Scanning Microscopy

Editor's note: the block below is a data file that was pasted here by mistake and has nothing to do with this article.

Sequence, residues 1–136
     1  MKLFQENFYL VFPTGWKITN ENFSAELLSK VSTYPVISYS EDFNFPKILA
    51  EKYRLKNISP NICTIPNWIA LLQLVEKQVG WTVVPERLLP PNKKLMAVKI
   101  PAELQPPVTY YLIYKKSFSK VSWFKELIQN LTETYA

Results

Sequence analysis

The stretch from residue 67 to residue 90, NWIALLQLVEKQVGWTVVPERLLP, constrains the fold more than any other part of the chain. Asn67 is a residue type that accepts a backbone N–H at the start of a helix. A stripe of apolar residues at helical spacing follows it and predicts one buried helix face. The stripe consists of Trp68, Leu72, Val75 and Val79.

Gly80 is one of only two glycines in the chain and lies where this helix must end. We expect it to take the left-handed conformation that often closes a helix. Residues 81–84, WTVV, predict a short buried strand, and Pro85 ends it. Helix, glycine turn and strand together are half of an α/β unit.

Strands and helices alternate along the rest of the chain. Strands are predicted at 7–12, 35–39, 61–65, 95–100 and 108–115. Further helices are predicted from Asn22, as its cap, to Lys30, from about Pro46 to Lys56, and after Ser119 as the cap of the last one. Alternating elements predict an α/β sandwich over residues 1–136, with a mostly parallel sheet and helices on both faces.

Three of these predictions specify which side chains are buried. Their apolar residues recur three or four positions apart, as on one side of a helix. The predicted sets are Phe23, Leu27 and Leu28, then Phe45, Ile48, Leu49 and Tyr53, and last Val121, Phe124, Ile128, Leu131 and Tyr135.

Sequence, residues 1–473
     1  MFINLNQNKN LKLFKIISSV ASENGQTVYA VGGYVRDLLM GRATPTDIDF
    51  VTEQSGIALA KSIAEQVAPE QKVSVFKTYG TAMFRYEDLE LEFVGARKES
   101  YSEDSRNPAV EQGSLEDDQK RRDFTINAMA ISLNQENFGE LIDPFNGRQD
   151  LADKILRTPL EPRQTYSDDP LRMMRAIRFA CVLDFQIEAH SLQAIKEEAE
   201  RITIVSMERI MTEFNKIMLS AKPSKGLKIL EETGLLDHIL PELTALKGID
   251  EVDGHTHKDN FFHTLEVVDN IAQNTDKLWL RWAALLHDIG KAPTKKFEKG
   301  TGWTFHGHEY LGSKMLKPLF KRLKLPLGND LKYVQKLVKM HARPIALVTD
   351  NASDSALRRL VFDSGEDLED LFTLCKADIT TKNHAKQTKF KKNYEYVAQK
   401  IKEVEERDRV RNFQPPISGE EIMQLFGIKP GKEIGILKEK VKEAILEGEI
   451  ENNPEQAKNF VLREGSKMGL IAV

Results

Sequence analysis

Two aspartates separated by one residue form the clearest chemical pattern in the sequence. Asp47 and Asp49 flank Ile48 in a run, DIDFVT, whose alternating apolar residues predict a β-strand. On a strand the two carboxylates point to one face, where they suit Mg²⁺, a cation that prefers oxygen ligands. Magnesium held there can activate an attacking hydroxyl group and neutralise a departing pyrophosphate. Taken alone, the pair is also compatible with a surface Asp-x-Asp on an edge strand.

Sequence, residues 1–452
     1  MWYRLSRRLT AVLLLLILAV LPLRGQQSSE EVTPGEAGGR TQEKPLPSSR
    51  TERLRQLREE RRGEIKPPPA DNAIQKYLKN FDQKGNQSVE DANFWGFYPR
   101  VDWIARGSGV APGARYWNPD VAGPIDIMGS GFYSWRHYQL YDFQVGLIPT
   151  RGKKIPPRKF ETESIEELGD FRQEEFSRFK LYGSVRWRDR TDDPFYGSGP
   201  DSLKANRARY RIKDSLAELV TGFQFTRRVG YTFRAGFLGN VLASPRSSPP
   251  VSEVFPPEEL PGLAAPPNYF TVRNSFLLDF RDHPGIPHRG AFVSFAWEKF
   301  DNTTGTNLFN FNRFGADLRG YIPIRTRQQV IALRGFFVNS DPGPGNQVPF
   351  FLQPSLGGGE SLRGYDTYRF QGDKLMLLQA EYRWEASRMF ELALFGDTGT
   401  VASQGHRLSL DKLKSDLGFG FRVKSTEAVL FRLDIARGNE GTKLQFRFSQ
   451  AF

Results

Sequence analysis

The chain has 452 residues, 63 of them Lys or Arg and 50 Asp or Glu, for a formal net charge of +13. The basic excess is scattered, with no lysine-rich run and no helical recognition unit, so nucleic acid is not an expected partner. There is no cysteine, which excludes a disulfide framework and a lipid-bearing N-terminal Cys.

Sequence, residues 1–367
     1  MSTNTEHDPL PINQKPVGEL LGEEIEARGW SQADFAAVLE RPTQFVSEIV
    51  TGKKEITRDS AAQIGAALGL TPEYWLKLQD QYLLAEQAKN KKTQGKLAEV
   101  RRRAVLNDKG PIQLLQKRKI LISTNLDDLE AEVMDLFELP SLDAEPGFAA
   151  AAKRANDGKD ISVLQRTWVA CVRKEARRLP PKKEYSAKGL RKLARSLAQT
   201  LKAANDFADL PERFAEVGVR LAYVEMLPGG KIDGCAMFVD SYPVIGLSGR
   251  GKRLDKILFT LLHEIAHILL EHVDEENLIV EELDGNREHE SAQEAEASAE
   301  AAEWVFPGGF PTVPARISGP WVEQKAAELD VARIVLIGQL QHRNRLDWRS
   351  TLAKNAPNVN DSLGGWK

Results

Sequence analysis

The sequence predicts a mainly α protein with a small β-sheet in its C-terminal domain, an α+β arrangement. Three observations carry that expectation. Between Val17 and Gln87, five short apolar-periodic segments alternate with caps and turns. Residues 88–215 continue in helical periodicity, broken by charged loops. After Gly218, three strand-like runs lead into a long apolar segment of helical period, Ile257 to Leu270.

Scanning force microscopy (SFM) and scanning electron microscopy (SEM) were used to examine the tissue structure of the electric organ of Torpedo marmorata in air and in liquid after applying fracturing and cryosectioning techniques and chemical fixation. The electric organ is organized in columns of stacked electrocytes, arranged in a honeycomb pattern. The columns were cut along a plane normal to the cell stack and thin sections were transferred to polylysine coated glass coverslips. The polarity of the electrocytes was made apparent by immunofluorescence microscopy directed to different domains of the acetylcholine receptor (AChR), thus revealing the innervated face of the cell. SFM and SEM both showed cell surfaces to be overlaid by a network of collagen fibers by their characteristic banding pattern with about 64 nm periodicity and about 2.5 nm corrugation amplitude. In liquid, significantly lower structural resolution was achieved by SFM, probably due to sample elasticity.

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